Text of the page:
An online war of words clouded NBA headlines this past week after shooting guards, Wizards’ Bradley Beal and Cavaliers’ Dion Waiters voiced opposing opinions on which team had the league’s best backcourt. The Washington Wizards dived into the second round of this past summer’s postseason behind guards John Wall and Beal. And while the Cleveland Cavaliers haven’t experienced much success behind Waiters and point guard Kyrie Irving, the talent between the two is visibly apparent and should only be on bigger display with the arrival of LeBron James and Kevin Love. But who has the NBA’s best backcourt? Perry Green and Stephen D. Riley debate of the AFRO Sports Desk debate the question.
Riley: If I had to start an NBA team right now and pick the perfect foundation to build upon, I’d have to go with Wall and Beal. Unlike Irving, Wall presents the perfect pass-first point guard and his speed and size allows him to push the pace on the break and defend opposing guards. Beal’s range on his jump shot allows for ultimate spacing, and at times he’s shown that he can be the focal point of an offense and carry the load. The two different styles flow together perfectly while both players work diligently on taking parts from each other’s games. Beal’s still steadily improving his one-on-one game – the specialty of his counterpart – while Wall continues to improve the mechanics and range on his jump shot, which is already the best part of Beal’s game. Any advancement between the two players on those critical areas will take this backcourt from the best to heads and shoulders above the rest.
Green: Although Waiters threw the Cavaliers’ name in the hat in regards to backcourts, the Golden State Warriors definitely have a gripe to voice. Stephen Curry and Klay Thompson offer great flexibility and picture-perfect shooting, the ideal combination that any coach would want out of his backcourt group. Thompson stands a legitimate 6-foot-7-inches tall and Curry’s close to 6-foot-3, giving the Warriors two big guards that can shoot over most opposition and defend with relative ease. Curry offers a lot of skills that Wall already possesses while Wall simply can’t match Curry’s instincts and shooting. And, Thompson is every bit the shooter that Beal is—and even more.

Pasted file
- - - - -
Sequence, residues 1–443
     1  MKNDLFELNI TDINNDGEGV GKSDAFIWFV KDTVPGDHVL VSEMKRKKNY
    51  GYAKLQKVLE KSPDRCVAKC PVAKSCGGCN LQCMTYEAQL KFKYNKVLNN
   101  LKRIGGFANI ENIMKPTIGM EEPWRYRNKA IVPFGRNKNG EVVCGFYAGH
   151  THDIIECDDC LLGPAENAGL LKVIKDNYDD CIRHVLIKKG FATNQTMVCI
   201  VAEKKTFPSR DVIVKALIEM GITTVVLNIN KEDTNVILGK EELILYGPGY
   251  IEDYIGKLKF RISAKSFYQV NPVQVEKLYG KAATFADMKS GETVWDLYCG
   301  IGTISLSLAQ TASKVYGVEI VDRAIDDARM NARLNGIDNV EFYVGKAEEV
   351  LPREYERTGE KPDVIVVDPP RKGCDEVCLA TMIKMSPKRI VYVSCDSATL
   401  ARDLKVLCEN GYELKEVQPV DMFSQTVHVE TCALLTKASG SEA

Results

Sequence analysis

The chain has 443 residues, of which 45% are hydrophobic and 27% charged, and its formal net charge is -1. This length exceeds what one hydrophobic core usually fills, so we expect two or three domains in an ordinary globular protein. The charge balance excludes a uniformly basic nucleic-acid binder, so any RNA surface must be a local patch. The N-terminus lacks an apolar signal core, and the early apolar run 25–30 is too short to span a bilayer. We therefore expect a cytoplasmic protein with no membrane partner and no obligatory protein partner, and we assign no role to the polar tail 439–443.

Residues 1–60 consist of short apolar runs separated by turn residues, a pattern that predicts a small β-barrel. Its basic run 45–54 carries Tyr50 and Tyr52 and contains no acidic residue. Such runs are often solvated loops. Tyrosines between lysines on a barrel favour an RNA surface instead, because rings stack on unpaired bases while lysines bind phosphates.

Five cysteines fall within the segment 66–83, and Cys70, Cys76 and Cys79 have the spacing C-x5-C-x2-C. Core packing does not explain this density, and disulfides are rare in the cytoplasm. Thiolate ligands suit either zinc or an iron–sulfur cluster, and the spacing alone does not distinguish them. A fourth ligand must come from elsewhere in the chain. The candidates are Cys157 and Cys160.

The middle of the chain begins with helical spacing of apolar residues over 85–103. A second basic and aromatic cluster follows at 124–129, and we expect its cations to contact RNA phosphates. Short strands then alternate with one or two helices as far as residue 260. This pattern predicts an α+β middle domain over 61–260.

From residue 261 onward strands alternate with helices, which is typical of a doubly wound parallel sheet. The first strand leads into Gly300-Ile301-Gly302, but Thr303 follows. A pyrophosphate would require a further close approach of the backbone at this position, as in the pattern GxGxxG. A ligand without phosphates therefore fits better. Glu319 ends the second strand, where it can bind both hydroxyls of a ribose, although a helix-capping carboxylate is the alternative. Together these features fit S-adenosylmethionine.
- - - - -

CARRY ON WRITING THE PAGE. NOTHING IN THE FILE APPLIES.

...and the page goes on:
Riley: Thompson’s importance to the Warriors has been clear as his name has been mentioned in numerous trade rumors over the last few seasons. Curry has been stellar, but the attractiveness of his game just depends on what you prefer out of your point guards. Do you like the pass-first guard who gets his teammates involved, or do you like the floor generals that can isolate and drop 30-plus points? It’s simply a matter of preference. But let’s not forget: despite Wall’s penchant for passing, he does have a career-high of 47 points, so he can get it done if the flow of the game demands it.
Green: Great players have been moved in trades before so it doesn’t matter how many times Thompson’s name has been linked to trade talks. He’s still with the team and continues to shine as a two-way player on one of the most electric teams in the Association. The “Splash Brothers” have definitely lived up to the hype and the billing as a dominant duo, and one playoff run by the Wizards doesn’t automatically translate to them having the best backcourt in the league. Personally, there’s no way I’m taking Wall over Curry. And, considering that Beal and Thompson offer you the same type of performance, I’ll always take the players with the height advantage. It makes for more flexibility and more strategies to dial up. All three backcourts of the Wizards, Warriors and Cavs are stellar, but when it comes to the most skilled and highest-producing duo, Curry and Thompson have the title locked down.